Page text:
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Teen pregnancy has been considered a "social ill" for centuries in the United States and has always challenged moral and ethical sensibilities. The economic costs of teens giving birth are significant, and there are many compelling reasons to reduce the teen pregnancy.
Research shows that reducing the number of births to teens and increasing the age at which a women gives birth yields significant cost savings for the public sector.
Efforts to reduce teen pregnancy are mainly focused on prevention and sex education is a large part of the effort. Twenty-first century sex education programs focus on two main strategies, they are: Abstinence only teaches that abstaining from sexual activity is the only truly effective way to prevent unintended pregnancy.
Abstinence plus education focuses on delaying the initiation of sexual activity and recommends the use of contraception if a teen is sexually active. The success of abstinence only education has been exaggerated according to many sociologists and researchers.
Scientific research indicates that abstinence plus education is actually much more effective in preventing teen pregnancy.
Solving the problem of teen pregnancy has largely been relegating to treating the symptoms of the problem and employing prevention strategies aimed at young women.
Sociologists believe that reducing the rate of teen pregnancy will require developing more comprehensive and holistic solutions in the future.
Researchers, teachers, parents and community leaders are recommending and developing programs that focus on the role of boys and young men in the teen pregnancy puzzle.
Research indicates that involving boys and young men in "male only" sex education may help to significantly reduce the rate of teen pregnancy over the coming years. The effectiveness of approaching the teen pregnancy problem from holistic or system-wide view will be documented in future research.
Cultural and political attitudes toward sexuality may also hinder the formulation of a concerted effort toward confronting the problem of teen pregnancy. Instead, policy makers, educators, researchers, and parents have generally focused on preventing teen pregnancy itself rather than on addressing the societal influences that may encourage teen pregnancy.
Variables such as the age at which a teen first engages in sexual intercourse and the use or non-use of contraception can all predict the likelihood of a teen becoming pregnant. Young, unwed women have been giving birth for centuries. The "objective conditions" around teen births have not changed significantly over time.
However, changes in the language associated with the issue illustrate significant shifts in the subjective perception of "teen pregnancy" throughout history Luker, In the Colonial era, women who gave birth outside of wedlock were called "fallen women" and considered to be sinners.
The children born out of wedlock were "bastards" or "illegitimate.
During the Progressive era of the early s a more compassionate attitude toward unwed women and their children evolved. Unplanned pregnancies were no longer considered a moral or economic problem, but rather "a societal problem, an index of what was wrong with society" Luker,p.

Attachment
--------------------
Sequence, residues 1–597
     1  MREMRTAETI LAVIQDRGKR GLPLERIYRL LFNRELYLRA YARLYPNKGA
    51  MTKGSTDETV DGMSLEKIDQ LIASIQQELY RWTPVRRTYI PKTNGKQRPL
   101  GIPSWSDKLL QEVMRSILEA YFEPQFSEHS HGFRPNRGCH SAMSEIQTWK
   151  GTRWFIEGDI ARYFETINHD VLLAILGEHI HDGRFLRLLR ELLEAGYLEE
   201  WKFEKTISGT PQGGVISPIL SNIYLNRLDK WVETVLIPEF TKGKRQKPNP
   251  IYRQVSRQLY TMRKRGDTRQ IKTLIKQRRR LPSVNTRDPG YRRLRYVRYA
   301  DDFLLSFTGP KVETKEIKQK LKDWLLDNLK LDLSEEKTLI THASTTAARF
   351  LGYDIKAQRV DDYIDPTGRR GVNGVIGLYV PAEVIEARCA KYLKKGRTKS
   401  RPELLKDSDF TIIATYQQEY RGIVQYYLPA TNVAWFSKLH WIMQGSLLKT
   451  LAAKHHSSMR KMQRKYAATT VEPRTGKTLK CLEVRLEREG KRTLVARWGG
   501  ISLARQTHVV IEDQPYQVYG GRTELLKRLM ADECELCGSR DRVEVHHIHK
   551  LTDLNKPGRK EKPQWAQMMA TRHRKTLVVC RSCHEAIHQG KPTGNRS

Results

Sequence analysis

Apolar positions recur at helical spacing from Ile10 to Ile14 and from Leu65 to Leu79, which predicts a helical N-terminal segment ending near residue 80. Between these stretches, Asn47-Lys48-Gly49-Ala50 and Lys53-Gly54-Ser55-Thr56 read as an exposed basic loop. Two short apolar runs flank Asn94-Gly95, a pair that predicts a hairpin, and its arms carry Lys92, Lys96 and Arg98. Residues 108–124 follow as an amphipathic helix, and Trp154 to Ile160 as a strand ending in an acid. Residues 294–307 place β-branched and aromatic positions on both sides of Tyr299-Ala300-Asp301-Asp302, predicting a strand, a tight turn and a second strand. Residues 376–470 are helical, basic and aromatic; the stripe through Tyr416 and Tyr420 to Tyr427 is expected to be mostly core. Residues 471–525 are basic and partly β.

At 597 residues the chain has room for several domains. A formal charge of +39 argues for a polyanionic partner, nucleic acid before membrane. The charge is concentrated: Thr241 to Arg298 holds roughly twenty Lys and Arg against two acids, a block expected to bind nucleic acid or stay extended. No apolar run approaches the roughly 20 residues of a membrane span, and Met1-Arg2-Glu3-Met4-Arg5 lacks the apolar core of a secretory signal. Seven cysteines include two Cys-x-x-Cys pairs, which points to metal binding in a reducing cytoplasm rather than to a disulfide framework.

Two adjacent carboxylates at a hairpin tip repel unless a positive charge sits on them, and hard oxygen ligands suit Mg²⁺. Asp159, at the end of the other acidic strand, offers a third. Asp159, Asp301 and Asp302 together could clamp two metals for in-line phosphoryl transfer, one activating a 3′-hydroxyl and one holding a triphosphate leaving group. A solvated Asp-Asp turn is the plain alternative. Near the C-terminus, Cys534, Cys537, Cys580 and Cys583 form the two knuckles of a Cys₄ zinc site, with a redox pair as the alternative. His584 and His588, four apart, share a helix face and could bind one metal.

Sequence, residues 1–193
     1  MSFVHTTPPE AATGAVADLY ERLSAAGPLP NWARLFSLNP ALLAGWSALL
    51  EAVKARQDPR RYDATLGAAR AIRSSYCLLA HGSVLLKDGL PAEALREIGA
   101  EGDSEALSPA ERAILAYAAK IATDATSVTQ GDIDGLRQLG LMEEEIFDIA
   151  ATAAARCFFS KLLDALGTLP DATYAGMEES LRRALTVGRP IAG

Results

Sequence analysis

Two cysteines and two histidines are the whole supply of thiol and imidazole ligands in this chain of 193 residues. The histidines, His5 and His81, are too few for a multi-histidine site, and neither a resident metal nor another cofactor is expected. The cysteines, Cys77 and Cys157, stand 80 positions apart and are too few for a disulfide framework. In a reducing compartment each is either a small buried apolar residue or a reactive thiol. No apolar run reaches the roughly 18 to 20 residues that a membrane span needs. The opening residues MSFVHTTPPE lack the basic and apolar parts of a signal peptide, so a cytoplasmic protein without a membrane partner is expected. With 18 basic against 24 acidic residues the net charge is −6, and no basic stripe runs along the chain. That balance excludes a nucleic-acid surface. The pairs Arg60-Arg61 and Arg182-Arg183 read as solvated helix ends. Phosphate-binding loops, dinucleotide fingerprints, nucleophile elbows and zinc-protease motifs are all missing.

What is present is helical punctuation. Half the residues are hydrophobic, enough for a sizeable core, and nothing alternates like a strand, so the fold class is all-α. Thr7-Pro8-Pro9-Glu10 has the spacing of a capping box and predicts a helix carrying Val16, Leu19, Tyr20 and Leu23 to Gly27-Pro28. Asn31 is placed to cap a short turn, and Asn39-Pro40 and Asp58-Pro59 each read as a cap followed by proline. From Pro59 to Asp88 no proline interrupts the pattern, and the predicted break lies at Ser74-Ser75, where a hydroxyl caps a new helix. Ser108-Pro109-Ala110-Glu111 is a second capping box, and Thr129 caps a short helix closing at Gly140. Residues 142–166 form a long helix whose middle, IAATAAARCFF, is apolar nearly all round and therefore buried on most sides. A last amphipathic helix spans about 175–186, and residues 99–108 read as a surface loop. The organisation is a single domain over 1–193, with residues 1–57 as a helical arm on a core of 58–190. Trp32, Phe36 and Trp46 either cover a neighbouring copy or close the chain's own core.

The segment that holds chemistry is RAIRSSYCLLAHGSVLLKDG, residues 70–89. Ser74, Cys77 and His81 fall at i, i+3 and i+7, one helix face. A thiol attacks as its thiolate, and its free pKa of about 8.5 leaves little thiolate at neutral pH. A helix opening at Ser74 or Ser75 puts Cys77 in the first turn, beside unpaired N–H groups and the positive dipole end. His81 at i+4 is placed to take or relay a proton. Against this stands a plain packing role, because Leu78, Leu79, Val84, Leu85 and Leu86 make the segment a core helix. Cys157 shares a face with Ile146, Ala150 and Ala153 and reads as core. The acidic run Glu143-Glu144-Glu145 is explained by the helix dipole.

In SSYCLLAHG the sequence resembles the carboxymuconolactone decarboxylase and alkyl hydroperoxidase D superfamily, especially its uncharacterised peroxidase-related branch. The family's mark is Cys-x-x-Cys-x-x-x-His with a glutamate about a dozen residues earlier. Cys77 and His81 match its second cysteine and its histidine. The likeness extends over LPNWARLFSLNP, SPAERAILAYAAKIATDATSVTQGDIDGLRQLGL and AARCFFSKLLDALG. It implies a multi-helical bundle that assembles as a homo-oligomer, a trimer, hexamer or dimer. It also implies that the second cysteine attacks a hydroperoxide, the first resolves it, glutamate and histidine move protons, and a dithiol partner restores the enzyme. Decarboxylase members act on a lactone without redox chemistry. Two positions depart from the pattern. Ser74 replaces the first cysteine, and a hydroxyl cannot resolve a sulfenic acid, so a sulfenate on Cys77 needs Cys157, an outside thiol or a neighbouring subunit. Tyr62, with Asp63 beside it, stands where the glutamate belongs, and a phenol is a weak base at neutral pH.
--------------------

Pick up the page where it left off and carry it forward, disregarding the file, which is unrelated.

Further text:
A stigma has long been associated with giving birth out of wedlock, and the fear and shame that went along with bearing illegitimate children kept the number of unmarried births low until relatively recent decades.
Today, many sociologists admit that the stigma is largely gone, and that its disappearance has had at least some relation to the increase in teen sexual activity and pregnancy. But perhaps more important, it would also have a long-term effect on children's growth and development" p.
The age of a woman when she has her first child has a significant impact on the public sector costs associated with the birth. The younger the mother is, the higher the net cost of the birth Hoffman, The Public Costs of Teen Childbearing both attempted to calculated the relative costs associated with births to teens.
The author of the later report described his methodology, which was similar to that of the former report: The cost estimates provided in this report are based on a very conservative research approach that only includes costs that can be confidently attributed to teen childbearing itself rather than to other traits or disadvantages that often accompany teen childbearing such as poverty Hoffman,p.
By the Numbers calculated the costs in two areas:Teenage Pregnancy in America Teen pregnancy is a growing epidemic in the United States. Teen girls are becoming pregnant at an alarming rate, with a lot of the pregnancies planned. Teen Pregnancy essays The numbers of teenage pregnancy are very high but when you think about the numbers most could have been prevented with the use of protection.
Some people may not afford condoms but if you cannot afford a condom you cannot afford a baby. Children from homes ran by teenage mot. Term Papers words | ( pages) | Preview The Solution for Teen Pregnancy - Teen Pregnancy Scared, stressed, and embarrassed these words describe the emotions of a young teenager who has discovered to be pregnant.
Teen Pregnancy research papers examine the rate of pregnancy among teenagers in America. Sociology term papers can be custom written on any teen pregnancy topic. Teen pregnancy and resulting births pose many societal challenges, and as a result require the collective efforts of many to provide solutions.
Teen pregnancy has been considered a "social ill. Teenage pregnancy is defined as pregnancy in females of ages under 20 years old. There is no clearly defined minimum age for teen pregnancy, as the age of menstruation (which signals sexual maturity in human females) varies from one girl to another.